Help! A negative review of your store! Sooner or later you will have to deal with it. Do not shoot in the defense. There are better ways to deal with it and still satisfy a customer.
“The service is bad” you read about your store on Google, Facebook or some review website. According to the customer he was not treated right and makes his complaint on the internet. Your first reaction is anger or disappointment. As a shopkeeper you work overtime to be able to serve and satisfy customers. And if they are not it is naturally becomes a sensitive string. But wait a moment to react!
FOCUS ON THE POSITIVE
Whether you run a web shop or a physical store online reviews of customers shouldn’t be ignored. You can register at websites such as Trustpilot or Kiyoh where customers can then give your store a score. The higher your score is, the greater the chance that other customers are willing to buy something in your store. Fortunately, most reviews are positive, but there are also negative ones. Why are they extra hard?
This has to do with the so-called ‘negativity bias’: our brain is programmed so that it remembers negative experiences better than positive ones. “In prehistoric times it was very useful from evolution,” says psychologist and publicist Suzanne Weusten. “For example, if you ate something wrong this mechanism would prevent you from becoming ill again. But in our time it is no longer necessary to focus on the negative. Her advice is:” First of all, it is good to be aware that negative comments have more impact than positive ones. And do not forget that many things are going well, so do not concentrate on the negative. ”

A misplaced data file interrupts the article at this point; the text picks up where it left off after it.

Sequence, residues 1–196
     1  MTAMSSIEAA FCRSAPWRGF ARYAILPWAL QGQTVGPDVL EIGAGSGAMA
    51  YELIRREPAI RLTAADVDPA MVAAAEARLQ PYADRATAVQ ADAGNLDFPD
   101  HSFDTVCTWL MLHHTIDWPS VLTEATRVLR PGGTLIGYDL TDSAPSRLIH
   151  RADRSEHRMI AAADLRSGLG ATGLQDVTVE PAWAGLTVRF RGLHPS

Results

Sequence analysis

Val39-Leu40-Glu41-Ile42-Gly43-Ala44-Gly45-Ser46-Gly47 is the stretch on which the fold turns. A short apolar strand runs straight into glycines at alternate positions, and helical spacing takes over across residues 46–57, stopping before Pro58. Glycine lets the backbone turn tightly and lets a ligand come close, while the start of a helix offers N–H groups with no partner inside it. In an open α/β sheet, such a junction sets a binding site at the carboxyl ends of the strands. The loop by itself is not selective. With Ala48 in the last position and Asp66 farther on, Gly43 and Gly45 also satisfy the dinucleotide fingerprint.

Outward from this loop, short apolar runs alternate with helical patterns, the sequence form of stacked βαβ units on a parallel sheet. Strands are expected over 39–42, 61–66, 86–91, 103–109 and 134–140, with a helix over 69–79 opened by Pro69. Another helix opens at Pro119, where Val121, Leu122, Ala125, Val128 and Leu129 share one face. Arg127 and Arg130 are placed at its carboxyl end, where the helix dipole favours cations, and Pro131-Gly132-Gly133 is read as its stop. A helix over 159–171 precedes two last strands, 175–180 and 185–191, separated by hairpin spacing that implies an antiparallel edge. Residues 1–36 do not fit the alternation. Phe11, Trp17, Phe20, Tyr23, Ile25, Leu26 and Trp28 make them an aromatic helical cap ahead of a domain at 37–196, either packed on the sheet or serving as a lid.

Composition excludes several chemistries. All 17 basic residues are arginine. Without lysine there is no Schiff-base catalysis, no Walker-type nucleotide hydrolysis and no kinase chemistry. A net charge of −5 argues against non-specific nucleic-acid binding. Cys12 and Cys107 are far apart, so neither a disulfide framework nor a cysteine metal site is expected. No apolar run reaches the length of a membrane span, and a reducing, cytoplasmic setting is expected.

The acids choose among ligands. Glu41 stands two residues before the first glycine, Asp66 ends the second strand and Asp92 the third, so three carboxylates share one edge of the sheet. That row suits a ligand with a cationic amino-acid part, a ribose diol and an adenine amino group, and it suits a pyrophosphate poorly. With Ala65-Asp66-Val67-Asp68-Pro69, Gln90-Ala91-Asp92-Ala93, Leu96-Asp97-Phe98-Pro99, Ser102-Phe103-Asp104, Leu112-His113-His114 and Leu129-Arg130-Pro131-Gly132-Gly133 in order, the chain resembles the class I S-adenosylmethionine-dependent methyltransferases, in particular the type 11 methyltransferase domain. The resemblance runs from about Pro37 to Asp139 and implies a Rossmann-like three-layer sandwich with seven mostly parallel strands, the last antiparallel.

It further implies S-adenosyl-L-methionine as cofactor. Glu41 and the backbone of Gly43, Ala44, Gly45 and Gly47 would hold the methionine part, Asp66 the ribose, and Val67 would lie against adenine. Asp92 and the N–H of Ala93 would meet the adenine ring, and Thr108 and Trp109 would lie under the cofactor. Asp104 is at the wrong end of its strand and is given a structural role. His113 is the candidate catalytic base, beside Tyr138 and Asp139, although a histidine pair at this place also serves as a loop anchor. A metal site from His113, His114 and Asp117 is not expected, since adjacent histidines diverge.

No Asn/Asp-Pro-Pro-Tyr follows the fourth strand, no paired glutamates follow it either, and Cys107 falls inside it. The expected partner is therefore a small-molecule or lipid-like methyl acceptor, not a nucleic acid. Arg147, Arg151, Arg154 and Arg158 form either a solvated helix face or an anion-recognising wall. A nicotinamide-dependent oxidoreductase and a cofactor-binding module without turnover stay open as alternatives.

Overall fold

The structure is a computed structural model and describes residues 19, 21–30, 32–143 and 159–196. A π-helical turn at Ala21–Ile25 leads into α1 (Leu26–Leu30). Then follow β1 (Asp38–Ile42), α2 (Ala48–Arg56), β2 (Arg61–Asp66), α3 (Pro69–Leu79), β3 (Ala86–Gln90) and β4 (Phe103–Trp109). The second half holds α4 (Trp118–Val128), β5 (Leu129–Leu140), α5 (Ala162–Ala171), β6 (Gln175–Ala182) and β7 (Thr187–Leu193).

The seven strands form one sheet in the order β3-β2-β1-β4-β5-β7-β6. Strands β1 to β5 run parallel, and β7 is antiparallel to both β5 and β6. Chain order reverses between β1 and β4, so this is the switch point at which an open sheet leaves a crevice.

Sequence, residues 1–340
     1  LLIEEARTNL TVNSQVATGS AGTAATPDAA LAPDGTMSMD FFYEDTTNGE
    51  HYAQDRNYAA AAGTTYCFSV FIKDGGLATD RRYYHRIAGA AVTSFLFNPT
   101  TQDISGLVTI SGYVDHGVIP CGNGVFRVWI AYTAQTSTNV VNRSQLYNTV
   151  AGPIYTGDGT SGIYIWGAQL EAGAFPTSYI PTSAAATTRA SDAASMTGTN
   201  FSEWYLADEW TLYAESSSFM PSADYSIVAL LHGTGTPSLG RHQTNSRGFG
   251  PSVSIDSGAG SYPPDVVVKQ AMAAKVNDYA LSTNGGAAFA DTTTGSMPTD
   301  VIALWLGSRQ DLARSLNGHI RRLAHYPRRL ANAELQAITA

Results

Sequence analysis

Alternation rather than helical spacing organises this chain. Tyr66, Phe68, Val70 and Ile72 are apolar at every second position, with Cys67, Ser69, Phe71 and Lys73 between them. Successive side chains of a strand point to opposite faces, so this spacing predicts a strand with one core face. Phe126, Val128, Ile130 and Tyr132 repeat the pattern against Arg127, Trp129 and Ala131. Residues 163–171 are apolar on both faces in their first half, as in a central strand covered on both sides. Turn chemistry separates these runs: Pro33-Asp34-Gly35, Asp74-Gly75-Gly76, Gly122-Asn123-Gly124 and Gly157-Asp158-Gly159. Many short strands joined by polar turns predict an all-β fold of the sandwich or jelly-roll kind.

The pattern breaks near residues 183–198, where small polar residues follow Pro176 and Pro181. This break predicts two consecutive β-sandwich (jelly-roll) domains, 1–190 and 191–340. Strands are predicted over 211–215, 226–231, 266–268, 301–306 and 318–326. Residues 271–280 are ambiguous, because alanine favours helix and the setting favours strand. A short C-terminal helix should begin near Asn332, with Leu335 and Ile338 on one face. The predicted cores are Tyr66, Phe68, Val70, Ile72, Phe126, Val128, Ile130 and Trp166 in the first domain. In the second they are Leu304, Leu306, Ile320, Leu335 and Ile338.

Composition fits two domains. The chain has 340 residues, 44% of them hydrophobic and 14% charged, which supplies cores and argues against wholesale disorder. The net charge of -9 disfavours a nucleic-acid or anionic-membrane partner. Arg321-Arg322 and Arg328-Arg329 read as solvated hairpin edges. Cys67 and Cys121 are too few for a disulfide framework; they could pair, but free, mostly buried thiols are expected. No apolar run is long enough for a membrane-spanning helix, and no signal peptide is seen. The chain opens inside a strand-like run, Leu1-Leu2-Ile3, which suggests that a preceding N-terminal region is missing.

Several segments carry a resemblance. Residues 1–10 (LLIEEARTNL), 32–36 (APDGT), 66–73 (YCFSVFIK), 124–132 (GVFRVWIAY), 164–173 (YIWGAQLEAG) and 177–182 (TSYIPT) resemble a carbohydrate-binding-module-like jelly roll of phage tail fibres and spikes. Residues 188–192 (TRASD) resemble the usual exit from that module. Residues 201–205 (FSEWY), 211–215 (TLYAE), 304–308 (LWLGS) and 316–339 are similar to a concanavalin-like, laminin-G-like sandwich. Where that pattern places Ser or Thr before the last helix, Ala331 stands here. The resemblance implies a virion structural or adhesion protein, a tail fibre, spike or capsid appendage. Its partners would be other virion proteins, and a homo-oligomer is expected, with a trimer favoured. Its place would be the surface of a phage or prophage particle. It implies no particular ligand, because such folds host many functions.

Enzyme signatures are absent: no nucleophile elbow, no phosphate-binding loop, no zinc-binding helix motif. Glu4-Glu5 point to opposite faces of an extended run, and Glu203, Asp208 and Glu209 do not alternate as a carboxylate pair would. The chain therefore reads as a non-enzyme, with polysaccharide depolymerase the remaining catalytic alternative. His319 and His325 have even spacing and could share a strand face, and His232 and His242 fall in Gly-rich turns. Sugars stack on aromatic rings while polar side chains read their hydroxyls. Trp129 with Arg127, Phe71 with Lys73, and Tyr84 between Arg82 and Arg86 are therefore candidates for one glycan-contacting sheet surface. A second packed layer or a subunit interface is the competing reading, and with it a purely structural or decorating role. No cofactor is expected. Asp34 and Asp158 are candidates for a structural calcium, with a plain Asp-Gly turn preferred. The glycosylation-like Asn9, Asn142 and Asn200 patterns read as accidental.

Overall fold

REMOVE THE ANGEL
However, this does not mean that you can deal with criticism ‘loosely’. Advice number one for a negative online review is: take the customer seriously. Weusten: “Try to understand the customer. He wants to tell his story and get recognition for the displeasure. Admit that something went wrong. Perhaps something obvious, but sometimes forgotten is a reaction. Ignoring is not smart. Or even worse: removing the negative review, although this is not possible with most review websites. In addition, the reliability and transparency of such a review site run down sharply if you could (have) remove all negative comments. On your own Facebook page you can of course remove negative reviews. But obviously, that does not make happier the dissatisfied customer. It is always the best to respond to a comment on Facebook or a review on a website, so that other customers also see that you take this kind of comment seriously. Then choose a more personal approach and deal with the relevant customer, for example by telephone. Talking reduces the chance of misunderstandings. This is confirmed by Lars Woordes, marketing and communications manager of men’s fashion chain Jac Hensen: “We always contact a customer who has left a negative review. You notice that customers are friendlier on the phone. Usually they have more understanding when they hear the other side of the story. “An important piece of advice is: ask the right questions so you can find out what is really the cause of the negative review. For example: “What was your unpleasant experience as a customer?” Or, “What you think could have been better?”. And set it right or solve it for the customer. Woordes: “For us it is especially important that the customer is still satisfied. Eighty per cent of the customers for whom we solve a complaint, therefore withdraw their negative review. “Do not go into the defense. This often works counterproductive with the result that the customer becomes even more frustrated and there is a risk that something small might get out of hand. Weusten: “What helps in reading negative criticism is not taking this personally. It’s about your store or staff, but not about your personality, remember that. See criticism as a learning moment and embrace it. ”